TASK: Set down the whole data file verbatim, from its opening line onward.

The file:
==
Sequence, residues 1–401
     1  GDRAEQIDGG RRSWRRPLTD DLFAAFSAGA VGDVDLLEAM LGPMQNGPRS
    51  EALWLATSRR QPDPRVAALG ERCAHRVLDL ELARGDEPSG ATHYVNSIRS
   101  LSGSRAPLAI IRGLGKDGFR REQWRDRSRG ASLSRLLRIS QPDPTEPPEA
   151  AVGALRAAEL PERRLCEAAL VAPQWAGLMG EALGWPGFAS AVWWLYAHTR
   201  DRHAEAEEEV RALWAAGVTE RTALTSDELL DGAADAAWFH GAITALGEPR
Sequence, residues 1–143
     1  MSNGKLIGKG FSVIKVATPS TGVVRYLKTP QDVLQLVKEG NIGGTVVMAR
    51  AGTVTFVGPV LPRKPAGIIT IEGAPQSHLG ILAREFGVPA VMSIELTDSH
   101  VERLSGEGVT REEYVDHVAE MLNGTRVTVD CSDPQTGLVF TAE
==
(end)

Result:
Sequence, residues 1–401
     1  GDRAEQIDGG RRSWRRPLTD DLFAAFSAGA VGDVDLLEAM LGPMQNGPRS
    51  EALWLATSRR QPDPRVAALG ERCAHRVLDL ELARGDEPSG ATHYVNSIRS
   101  LSGSRAPLAI IRGLGKDGFR REQWRDRSRG ASLSRLLRIS QPDPTEPPEA
   151  AVGALRAAEL PERRLCEAAL VAPQWAGLMG EALGWPGFAS AVWWLYAHTR
   201  DRHAEAEEEV RALWAAGVTE RTALTSDELL DGAADAAWFH GAITALGEPR
Sequence, residues 1–143
     1  MSNGKLIGKG FSVIKVATPS TGVVRYLKTP QDVLQLVKEG NIGGTVVMAR
    51  AGTVTFVGPV LPRKPAGIIT IEGAPQSHLG ILAREFGVPA VMSIELTDSH
   101  VERLSGEGVT REEYVDHVAE MLNGTRVTVD CSDPQTGLVF TAE